With housing still in recession mode, it has been car sales that have provided much of the little momentum the economy possesses. Can it keep going? July car sales, which are beginning to be reported, may shed some light.
Nissan, one of the first carmakers to report, posted sales of 98,341 units last month -- up 16.2 percent from July 2011 and up 6.6 percent from June's robust sales pace. Sales of the Nissan Altima achieved a July record of 26,602, up 24.7 percent from a year ago. July marked the first full month of sales for the all-new, 2013 Altima sedan.
Infiniti reported sales of 11,619 units for July, an increase of 56.8 percent from 7,410 units a year earlier. The Infiniti G Sedan, with sales of 6,078, had an increase of 88.8 percent versus last year, making it the best July in the sport sedan's history.
Sporty luxury sells
Porsche Cars North America, Inc. (PCNA), which imports and distributes Porsche sports cars, Cayenne SUVs and the Panamera four-door sports sedan line-up in the U.S., sold 2,803 vehicles in July, slightly better that July 2011.
"Our all-new Boxster and 911 models continue to be in high-demand," said PCNA's President and CEO, Detlev von Platen. In fact, for the year, we've sold 46 percent more 911 sports cars this year than last year -- a tribute to the success of the new, seventh-generation 911."
At the other end of the price spectrum, Kia Motors America reported best-ever July sales of 48,074 units, a 5.6-percent increase over the same period last year. But July sales dipped 6.3 percent from June.
Sorento paces Kia
Kia's July sales were paced by strong sales of the U.S.-built Sorento SUV and Optima midsize sedan, as well as the popular Soul urban passenger vehicle.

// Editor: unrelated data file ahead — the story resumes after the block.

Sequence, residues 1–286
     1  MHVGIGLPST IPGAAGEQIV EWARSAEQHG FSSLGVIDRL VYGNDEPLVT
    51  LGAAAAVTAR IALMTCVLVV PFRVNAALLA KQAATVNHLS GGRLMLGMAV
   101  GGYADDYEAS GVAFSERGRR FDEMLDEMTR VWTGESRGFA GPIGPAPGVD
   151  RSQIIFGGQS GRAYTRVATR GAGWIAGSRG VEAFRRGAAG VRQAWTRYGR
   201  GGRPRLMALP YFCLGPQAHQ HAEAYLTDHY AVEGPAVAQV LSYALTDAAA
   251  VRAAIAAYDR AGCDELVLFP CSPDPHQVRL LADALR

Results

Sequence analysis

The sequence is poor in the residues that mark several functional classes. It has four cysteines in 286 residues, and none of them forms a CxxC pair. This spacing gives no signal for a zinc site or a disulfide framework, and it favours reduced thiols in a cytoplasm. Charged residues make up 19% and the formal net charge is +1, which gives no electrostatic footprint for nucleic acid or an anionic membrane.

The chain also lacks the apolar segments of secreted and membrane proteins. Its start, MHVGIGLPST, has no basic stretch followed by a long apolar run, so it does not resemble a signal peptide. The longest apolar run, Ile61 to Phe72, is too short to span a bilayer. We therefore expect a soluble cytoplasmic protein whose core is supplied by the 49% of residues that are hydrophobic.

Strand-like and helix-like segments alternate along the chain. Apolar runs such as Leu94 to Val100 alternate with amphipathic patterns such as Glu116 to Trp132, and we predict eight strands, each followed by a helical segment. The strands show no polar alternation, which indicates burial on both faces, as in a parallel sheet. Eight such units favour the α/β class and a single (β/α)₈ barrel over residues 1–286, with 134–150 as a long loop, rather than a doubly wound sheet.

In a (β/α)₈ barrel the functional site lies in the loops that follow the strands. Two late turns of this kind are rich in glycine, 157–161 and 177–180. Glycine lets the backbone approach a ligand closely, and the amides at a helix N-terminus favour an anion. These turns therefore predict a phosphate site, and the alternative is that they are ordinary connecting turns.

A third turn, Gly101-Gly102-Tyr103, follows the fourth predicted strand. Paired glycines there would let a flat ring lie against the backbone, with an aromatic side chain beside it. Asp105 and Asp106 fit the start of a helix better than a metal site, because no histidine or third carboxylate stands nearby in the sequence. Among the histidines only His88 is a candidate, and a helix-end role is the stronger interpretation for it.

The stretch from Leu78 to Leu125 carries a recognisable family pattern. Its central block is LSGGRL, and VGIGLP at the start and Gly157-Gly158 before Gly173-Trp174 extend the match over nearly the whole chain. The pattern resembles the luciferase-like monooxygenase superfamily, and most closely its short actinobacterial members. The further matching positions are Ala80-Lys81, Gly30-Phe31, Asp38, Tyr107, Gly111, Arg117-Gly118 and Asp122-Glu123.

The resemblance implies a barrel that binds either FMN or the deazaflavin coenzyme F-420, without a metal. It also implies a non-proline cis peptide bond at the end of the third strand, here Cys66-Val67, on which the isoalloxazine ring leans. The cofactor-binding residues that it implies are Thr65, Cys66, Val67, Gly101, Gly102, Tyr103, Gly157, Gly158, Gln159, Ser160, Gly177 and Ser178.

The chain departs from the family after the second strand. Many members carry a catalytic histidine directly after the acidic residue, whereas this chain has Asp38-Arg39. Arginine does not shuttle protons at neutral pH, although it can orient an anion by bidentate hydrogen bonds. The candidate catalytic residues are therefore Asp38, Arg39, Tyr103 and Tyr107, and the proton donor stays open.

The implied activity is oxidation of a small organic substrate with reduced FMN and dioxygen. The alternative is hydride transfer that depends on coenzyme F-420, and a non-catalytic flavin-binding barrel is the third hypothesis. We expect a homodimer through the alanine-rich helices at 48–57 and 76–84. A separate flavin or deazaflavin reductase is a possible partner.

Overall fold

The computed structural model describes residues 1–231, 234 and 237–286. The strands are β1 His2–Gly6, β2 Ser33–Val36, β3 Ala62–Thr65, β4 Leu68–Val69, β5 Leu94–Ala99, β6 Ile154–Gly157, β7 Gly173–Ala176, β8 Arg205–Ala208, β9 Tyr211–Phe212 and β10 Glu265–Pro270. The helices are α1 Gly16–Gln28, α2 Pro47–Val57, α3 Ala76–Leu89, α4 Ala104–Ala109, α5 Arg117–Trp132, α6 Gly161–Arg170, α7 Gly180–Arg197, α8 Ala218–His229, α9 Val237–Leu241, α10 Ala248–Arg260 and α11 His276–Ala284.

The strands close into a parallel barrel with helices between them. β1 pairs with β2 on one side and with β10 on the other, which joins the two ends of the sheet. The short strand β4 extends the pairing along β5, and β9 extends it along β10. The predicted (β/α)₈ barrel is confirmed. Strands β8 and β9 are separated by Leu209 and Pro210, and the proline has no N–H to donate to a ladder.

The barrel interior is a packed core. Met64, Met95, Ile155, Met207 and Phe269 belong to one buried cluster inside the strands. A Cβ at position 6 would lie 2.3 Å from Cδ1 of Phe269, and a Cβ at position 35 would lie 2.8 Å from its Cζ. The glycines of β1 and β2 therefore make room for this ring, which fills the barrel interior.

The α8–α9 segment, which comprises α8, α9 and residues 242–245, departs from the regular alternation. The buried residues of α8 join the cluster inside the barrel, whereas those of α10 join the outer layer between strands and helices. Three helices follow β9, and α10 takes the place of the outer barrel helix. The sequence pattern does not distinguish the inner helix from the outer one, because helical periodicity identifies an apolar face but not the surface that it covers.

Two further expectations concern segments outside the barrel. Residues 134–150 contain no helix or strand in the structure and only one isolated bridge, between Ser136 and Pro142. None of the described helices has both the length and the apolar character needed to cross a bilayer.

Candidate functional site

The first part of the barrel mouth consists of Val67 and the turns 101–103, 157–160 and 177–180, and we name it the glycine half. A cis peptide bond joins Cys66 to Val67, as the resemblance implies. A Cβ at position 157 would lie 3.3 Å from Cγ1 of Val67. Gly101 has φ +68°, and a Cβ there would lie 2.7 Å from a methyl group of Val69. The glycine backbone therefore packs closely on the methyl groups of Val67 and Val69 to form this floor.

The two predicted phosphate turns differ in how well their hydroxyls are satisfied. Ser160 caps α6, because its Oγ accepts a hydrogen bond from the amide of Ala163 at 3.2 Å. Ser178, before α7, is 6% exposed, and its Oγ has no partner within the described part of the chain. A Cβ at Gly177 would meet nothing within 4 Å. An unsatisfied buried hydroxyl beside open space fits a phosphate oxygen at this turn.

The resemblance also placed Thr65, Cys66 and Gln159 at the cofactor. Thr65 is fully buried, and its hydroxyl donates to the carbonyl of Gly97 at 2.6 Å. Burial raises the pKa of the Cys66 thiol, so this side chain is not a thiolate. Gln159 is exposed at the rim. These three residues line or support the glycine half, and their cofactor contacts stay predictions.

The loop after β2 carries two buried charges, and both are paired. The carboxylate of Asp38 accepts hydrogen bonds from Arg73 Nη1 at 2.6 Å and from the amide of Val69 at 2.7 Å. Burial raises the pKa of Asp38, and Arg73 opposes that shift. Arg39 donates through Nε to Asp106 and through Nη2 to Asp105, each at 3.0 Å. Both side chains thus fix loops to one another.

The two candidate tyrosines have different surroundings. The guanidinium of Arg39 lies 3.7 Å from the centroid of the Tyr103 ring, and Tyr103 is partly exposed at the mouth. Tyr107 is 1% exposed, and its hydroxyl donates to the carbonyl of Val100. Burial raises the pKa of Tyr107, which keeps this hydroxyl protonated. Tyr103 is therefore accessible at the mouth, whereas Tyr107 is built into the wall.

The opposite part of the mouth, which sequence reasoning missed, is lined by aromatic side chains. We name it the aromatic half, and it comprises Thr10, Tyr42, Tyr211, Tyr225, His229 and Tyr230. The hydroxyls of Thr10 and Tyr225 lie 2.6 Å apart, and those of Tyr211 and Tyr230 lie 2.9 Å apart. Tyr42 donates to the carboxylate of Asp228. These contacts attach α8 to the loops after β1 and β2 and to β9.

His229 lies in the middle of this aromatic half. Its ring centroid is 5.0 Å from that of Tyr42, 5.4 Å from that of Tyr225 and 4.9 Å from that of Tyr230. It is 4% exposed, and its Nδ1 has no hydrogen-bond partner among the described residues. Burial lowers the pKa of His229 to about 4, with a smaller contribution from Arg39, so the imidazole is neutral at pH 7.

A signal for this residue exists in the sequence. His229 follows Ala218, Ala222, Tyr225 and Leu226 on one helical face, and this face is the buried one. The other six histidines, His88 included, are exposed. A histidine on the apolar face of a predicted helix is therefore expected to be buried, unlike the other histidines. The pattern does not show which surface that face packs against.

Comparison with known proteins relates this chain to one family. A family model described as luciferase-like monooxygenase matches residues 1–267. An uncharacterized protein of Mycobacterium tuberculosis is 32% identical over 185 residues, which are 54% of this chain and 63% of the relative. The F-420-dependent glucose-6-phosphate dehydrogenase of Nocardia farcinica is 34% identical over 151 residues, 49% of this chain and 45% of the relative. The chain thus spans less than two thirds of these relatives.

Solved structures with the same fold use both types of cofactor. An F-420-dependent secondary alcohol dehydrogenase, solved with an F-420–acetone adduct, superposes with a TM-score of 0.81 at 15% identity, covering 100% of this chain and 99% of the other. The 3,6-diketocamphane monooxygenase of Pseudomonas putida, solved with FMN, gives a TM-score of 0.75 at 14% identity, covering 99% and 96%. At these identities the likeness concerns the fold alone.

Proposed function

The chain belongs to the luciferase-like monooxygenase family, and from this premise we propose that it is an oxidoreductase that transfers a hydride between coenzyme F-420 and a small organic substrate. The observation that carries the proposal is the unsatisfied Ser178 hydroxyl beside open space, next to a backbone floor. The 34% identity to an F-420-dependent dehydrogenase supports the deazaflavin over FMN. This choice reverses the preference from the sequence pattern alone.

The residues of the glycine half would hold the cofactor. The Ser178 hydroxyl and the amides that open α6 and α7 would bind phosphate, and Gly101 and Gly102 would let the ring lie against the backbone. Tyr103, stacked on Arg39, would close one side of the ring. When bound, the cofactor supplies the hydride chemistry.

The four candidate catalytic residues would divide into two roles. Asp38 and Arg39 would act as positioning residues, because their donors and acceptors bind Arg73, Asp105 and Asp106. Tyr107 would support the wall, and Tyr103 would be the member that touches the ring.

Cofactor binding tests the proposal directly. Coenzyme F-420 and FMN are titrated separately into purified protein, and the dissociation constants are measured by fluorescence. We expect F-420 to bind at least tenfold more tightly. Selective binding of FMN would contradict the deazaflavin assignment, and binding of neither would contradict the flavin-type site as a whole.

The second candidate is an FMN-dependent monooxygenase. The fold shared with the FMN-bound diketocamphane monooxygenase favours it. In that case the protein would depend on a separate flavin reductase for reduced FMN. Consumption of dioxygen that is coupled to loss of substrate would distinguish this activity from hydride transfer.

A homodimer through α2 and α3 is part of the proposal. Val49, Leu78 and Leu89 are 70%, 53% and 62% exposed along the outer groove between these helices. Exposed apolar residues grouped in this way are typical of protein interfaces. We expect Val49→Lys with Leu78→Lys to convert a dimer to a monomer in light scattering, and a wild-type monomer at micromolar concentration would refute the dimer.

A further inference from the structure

When all the sales figures are in, automotive site Edmunds.com estimates July sales will total 1,166,665 new cars. That would be a 9.2 percent decrease from June 2012, but a 10.2 percent increase from July 2011, even with two fewer selling days, year over year.
An estimated 1,166,665 new cars will be sold in July for a Seasonally Adjusted Annual Rate (SAAR) of 14.0 million light vehicles, according to the latest auto sales forecast by Edmunds.com, the premier online resource for automotive information.
Chevy promotion fails to impress
Meanwhile, Edmunds found new car incentives remained relatively stable, with General Motors showing the most stability following the company's heavily publicized marketing program launched earlier last month. According to Edmunds, GM incentives fell 0.3 percent from June to July, despite launching Chevy Total Confidence, which promises "a great deal on your Chevy, with no need to negotiate." GM's spending on Chevrolet alone is down even more, from $3,328 in June to $3,176 in July, a decline of 4.6 percent.
"Savvy consumers don't see tremendous value in the Total Confidence program," said Edmunds.com Senior Analyst Jessica Caldwell. "The Total Confidence pricing is similar in many cases to our True Market Value pricing -- and for some vehicles, it was even higher. So, depending on the situation, a consumer could have gotten a better deal before the program started."
The biggest change in incentive spending came from Nissan, rising 18.4 percent month over month thanks mostly to a 22 percent increase in incentive spending on its luxury brand Infiniti.
Overall, Edmunds.com's TCISM data shows that the auto industry spent $2,236 per vehicle this month, up 0.6 percent from June, but down 6.2 percent from July 2011. TrueCar.com, meanwhile, estimates the average July new car transaction price was $30,369, up 1.6 percent from July 2011 but down slightly from June.